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Louisa officials, students, state legislators break ground for elementary school's post-quake replacement
Teachers, parents, students and officials gather Thursday to break ground for the new Jefferson Elementary.
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BY LINDLEY ESTES
Laura Moore and Amy Ziros hadn't been to Thomas Jefferson Elementary School in 14 months, since it was destroyed by the magnitude-5.8 earthquake that hit Mineral.
During the earthquake, one of the school's walls separated from the roof, the entire structure cracked and the ceiling tiles rained down on students and staff.
Its stairwell was so blocked by tiles that teachers had to carry students over the debris.
Now, there's nothing left of the school but a big concrete slab.
Moore, the school's counselor, and Ziros, its librarian, walked across the concrete Thursday, trying to identify where their rooms were.
"It's weird without the walls," said Moore.
The two came back for the groundbreaking of the new Thomas Jefferson Elementary, set to open in 2014.
The building will cost $13.5 million to construct.
Also destroyed in Louisa was Louisa County High School. Rebuilding it will cost $42 million.
The new Thomas Jefferson Elementary will use the same plans as Louisa's recently constructed Moss-Nuckols Elementary School.
Also in attendance Thursday were members of the School Board and the Chamber of Commerce and Louisa County Schools administrators and staff members.
State Sen. Bryce Reeves, R-Fredericksburg; Del. Peter Farrell, R-Louisa; and Sen. Tom Garrett, R-Louisa, also attended the ceremony.
Garrett attended school in Louisa. Every school he attended from grades five through 12 are no longer standing, he said.
"It's surreal to stand 20 feet from where my mom used to drop me off in fifth grade," Garrett said.
The three senators drafted a state budget amendment that secured extra aid for Louisa's schools after the earthquake.
"They more than deserved it," Reeves said. "In 15 seconds, these students' lives were changed."
Ranae Lieffer, 8, was swinging on Thomas Jefferson Elementary's playground when the earthquake hit.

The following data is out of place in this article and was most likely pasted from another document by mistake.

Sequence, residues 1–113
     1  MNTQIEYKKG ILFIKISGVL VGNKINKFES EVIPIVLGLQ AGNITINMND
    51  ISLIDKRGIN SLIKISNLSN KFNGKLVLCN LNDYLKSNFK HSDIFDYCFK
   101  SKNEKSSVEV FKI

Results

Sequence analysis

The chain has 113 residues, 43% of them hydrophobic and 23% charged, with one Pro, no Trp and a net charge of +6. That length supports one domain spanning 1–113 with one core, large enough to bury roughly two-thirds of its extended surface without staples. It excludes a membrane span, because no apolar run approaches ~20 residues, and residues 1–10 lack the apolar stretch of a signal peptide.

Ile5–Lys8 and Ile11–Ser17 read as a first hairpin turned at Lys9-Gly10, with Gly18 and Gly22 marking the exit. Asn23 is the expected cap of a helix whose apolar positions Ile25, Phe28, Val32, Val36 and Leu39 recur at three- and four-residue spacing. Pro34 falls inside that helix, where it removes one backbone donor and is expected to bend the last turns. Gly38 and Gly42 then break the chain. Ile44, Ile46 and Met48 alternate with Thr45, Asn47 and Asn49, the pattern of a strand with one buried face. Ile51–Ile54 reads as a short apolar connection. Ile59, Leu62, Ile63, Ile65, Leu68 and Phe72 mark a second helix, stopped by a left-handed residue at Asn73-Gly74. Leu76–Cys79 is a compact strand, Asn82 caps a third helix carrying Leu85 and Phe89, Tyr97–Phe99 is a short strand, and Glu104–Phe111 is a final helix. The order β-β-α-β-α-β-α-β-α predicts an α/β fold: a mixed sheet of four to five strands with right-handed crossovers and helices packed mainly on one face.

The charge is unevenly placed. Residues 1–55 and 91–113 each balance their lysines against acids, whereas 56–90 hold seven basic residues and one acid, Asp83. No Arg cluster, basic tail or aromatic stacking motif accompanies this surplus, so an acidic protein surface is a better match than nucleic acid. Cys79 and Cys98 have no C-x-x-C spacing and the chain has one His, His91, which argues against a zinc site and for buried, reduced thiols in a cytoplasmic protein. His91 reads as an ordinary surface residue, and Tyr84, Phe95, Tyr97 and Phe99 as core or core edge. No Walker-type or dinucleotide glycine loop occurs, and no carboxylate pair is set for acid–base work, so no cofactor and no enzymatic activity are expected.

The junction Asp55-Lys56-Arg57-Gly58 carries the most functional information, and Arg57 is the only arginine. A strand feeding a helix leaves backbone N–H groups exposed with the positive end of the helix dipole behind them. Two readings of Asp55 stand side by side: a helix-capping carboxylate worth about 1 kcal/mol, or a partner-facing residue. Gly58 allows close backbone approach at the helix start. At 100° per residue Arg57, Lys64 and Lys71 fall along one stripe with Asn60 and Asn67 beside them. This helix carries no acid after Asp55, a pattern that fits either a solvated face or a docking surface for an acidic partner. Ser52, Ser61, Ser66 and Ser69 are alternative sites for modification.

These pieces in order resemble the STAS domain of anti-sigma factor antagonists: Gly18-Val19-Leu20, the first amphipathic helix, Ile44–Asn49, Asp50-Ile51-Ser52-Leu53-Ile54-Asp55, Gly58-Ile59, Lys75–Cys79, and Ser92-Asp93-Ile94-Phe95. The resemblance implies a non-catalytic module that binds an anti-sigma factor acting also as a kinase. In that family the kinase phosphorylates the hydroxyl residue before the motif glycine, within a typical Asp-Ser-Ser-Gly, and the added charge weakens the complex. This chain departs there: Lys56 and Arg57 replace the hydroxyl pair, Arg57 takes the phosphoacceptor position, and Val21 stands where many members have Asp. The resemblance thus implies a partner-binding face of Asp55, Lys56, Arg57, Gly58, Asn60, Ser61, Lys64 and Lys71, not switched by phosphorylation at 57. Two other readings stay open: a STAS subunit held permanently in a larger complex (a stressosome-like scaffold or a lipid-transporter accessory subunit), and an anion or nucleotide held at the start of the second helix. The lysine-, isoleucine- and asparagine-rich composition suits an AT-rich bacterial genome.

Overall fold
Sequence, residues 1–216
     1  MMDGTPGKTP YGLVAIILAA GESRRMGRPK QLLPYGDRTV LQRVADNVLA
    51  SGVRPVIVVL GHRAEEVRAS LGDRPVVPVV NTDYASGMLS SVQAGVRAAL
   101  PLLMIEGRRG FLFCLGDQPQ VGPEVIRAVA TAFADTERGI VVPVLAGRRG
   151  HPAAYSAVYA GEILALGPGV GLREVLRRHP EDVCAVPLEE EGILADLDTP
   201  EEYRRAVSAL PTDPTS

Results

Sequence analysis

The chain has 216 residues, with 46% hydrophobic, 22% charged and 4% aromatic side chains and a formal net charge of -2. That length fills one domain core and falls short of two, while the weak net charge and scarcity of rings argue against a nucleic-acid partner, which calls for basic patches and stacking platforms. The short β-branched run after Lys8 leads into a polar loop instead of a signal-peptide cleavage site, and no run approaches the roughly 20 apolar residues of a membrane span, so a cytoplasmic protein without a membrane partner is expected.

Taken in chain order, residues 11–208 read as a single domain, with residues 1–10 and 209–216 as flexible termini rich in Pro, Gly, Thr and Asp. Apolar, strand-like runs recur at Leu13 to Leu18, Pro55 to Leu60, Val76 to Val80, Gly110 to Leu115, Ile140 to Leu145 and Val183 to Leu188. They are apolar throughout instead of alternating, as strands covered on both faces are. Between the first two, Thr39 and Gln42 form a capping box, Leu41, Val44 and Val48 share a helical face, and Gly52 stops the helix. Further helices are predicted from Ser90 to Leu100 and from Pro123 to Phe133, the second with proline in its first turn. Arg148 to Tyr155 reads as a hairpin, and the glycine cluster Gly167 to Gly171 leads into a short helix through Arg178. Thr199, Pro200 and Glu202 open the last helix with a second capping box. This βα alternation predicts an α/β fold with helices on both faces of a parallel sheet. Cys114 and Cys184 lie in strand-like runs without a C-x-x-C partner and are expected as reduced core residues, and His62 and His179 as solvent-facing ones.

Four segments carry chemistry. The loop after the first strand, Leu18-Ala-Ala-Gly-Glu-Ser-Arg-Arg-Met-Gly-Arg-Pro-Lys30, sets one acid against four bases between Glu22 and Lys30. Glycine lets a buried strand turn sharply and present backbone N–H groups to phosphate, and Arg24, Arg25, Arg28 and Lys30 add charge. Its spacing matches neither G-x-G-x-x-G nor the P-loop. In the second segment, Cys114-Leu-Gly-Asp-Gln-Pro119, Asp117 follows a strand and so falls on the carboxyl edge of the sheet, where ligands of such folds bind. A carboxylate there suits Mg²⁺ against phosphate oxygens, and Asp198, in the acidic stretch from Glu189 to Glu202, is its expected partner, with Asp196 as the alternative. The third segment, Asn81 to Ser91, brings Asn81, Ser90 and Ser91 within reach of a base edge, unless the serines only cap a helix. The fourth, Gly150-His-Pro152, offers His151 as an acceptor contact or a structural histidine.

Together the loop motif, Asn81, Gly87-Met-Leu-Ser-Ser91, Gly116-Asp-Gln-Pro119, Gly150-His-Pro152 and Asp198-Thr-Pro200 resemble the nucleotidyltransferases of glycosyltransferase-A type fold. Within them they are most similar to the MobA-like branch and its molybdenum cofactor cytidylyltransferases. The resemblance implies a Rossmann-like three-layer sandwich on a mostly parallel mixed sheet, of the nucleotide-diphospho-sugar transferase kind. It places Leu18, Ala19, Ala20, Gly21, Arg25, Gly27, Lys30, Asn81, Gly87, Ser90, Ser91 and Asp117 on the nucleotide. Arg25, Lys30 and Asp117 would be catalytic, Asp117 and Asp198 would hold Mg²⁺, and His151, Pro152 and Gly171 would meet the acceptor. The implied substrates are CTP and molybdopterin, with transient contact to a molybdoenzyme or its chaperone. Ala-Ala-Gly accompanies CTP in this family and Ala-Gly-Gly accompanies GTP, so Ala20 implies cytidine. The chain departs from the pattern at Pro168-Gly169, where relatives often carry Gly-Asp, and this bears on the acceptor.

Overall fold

"It was scary," she recalled at Thursday's groundbreaking. "All of the sudden, the earth started shaking. I was scared to death. The swings were moving sideways."
For now, Ranae and the rest of the students from Thomas Jefferson Elementary are attending school in mobile units outside Trevilians Elementary.
Ranae will attend the new Thomas Jefferson Elementary if it is completed on time.
Another student, Zachary Heidel, 11, also attended the groundbreaking.
Zachary said he has a brick from the demolished elementary school to remind him of what happened.
"In some ways, it feels like a lifetime ago," schools Superintendent Deborah Pettit said in her address before the groundbreaking.
Pettit and the event's other speakers--Willie Harper, chairman of the Board of Supervisors, and School Board Chairman Gregory Strickland--all commented on the community's strength and how people came together so the school year could continue even after the two schools were destroyed.
"It's been a hard road at times, but moments like this make it come together," Harper said.
Candace Wilkerson, the principal of Thomas Jefferson Elementary, said the school's replacement is bittersweet for her.
She started as an assistant principal three years ago at Thomas Jefferson.
"That building meant something to me," Wilkerson said. "The rebuild is exciting, but it was sad to see the old building go. It's weird to drive by and see nothing here."
Lindley Estes: 540/735-1976